Today is my fifth day living in Wellington. Before now, I’ve only visited two or three times for a couple of days at a time.
Aside from the not-so-ideal weather (people aren’t joking when they call it the Windy City!), I am loving the city so far. I’ve enjoyed browsing the markets, checking out the Beehive and the Courts, and starting to work my way through the long list of cafes recommended by locals and Wellington-visiting friends.
While having so much to explore has been fun, the highlight for me has been the friendliness of people.
It started as soon as I boarded the plane. Air New Zealand transported my two wheelchairs (one powered and very heavy!) and assorted add-ons without issue and ensured I could take my powerchair to and from the plane door which was a lot easier than having to be pushed in a manual chair.
It continued when my friend and I were picked up at the airport and taken to my new home in a wheelchair cab. The driver loaded everything in quickly, made sure my Christchurch Total Mobility card worked, gave me his business card for future trips, and helped my friend with the luggage up to my floor.
The next day, my friend and I set off to get the basics one needs when they move to a new city. All the shop assistants we spoke to were attentive in making sure I could get around their stores and get everything I needed. They were also very interested in hearing I had just moved to Wellington, were apologetic about the weather, and had their own tips and tricks to share
My friend went home to Christchurch that evening leaving me to explore solo. Armed with a smartphone, I have mostly relied on GPS to get around in the days since, but sometimes even Google can’t compete with local knowledge. My flatmate, Alex, a Wellington local, has really helped me settle in.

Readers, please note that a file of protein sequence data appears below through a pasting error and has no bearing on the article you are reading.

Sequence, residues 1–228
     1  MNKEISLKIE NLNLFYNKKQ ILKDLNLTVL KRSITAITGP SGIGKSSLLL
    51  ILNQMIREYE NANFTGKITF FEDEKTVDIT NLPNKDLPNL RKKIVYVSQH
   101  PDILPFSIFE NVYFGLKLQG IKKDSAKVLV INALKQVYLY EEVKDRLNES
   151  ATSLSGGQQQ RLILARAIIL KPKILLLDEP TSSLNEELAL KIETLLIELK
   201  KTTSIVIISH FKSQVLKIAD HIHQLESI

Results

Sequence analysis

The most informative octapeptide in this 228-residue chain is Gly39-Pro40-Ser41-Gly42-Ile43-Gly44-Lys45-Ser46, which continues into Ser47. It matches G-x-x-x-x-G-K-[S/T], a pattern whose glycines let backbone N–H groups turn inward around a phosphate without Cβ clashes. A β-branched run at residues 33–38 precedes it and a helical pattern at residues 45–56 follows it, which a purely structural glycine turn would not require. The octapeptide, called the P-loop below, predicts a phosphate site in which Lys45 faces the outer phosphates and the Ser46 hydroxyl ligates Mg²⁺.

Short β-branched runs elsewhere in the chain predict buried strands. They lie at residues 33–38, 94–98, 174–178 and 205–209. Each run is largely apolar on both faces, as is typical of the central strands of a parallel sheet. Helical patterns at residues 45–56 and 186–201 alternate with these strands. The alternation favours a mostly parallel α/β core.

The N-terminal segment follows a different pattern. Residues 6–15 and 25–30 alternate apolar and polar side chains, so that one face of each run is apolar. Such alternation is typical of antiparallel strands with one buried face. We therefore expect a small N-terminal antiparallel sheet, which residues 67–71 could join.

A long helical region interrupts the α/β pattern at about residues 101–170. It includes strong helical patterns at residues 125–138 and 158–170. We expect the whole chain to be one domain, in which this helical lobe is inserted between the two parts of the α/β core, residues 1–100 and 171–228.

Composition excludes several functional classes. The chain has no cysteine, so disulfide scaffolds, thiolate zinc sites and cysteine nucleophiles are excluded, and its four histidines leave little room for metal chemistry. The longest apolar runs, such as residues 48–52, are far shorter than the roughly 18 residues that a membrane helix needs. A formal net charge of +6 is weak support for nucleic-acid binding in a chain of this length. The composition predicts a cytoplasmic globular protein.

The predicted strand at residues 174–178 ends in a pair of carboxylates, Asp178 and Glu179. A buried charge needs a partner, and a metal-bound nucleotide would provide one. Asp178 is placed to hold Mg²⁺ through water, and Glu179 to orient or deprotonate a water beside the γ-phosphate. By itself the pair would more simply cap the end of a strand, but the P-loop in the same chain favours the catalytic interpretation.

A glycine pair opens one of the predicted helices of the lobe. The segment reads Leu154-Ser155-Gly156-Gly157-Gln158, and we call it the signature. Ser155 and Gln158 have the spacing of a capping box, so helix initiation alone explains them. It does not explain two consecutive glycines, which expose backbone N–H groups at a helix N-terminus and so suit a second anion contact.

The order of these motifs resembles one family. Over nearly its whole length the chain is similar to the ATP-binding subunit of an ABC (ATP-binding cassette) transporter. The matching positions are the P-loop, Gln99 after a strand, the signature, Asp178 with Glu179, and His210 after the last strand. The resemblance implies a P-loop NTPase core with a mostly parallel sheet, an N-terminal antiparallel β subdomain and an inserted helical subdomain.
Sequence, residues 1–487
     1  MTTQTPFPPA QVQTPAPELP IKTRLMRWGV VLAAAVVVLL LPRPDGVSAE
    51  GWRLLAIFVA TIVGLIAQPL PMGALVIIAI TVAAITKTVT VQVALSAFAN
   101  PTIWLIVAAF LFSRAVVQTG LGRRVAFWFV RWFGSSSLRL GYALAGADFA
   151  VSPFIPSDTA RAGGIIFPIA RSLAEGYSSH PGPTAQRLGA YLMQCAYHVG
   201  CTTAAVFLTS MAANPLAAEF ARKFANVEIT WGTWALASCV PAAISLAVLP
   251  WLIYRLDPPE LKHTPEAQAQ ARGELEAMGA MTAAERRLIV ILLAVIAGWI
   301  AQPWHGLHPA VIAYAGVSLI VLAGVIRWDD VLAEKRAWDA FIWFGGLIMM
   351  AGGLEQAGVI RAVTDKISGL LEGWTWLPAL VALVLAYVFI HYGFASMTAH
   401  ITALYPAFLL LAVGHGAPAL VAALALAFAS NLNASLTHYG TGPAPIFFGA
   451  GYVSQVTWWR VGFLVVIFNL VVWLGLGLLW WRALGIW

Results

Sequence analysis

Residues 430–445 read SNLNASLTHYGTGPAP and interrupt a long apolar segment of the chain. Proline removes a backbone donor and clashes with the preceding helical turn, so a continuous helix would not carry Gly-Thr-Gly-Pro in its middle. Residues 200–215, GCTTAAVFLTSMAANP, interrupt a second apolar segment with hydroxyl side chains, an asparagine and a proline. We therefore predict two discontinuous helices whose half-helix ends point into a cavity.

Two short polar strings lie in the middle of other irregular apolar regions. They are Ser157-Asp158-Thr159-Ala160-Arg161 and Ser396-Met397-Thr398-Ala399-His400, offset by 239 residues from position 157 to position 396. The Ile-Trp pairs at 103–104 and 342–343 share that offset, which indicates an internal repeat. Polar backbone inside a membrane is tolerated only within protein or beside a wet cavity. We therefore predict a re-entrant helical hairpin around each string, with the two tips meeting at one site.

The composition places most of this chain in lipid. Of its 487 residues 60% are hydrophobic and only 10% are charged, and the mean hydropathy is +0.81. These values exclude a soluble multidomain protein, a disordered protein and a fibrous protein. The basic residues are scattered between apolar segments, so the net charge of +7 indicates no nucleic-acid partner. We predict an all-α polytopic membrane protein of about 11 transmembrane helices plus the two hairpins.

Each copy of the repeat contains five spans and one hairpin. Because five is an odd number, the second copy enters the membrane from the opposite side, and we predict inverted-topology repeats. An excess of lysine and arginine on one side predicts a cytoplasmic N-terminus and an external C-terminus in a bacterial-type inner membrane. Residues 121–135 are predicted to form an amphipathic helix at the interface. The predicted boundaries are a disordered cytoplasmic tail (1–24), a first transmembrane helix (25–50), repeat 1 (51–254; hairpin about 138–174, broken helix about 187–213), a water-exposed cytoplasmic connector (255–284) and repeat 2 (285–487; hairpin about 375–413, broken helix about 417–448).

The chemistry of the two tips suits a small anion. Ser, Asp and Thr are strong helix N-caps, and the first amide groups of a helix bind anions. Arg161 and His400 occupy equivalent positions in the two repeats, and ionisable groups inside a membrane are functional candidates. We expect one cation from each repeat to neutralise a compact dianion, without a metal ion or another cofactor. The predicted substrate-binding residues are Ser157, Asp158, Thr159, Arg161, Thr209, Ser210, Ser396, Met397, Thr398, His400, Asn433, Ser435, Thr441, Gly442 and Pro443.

When I’ve been out by myself, people have been very happy to give me directions to accessible routes, give me a hand when a building isn’t fully accessible, and offer their take on Wellington’s best hotspots when I tell them I am new to town.
While we must continue to work towards a fully accessible society rather than expect disabled people to rely on the help of others, to me, the friendliness and respect I have been subject to should be the norm for all people.
Leaving Christchurch and all the supports I have there has been and will continue to be difficult, particularly as a disabled person because there is so much more to think about.
But people’s willingness to lend a hand when needed without treating me differently has certainly made things easier and enabled me to exercise my rights to move freely and feel safe in a new place.
I am looking forward to beginning my work at the Human Rights Commission and helping to ensure all disabled people have their rights respected as I have so far. Absolutely, positively Wellington indeed!
If you enjoyed this blog post you might like to read her blog about two people refusing to leave the Wheelchair-Accessible Area on a train in Melbourne.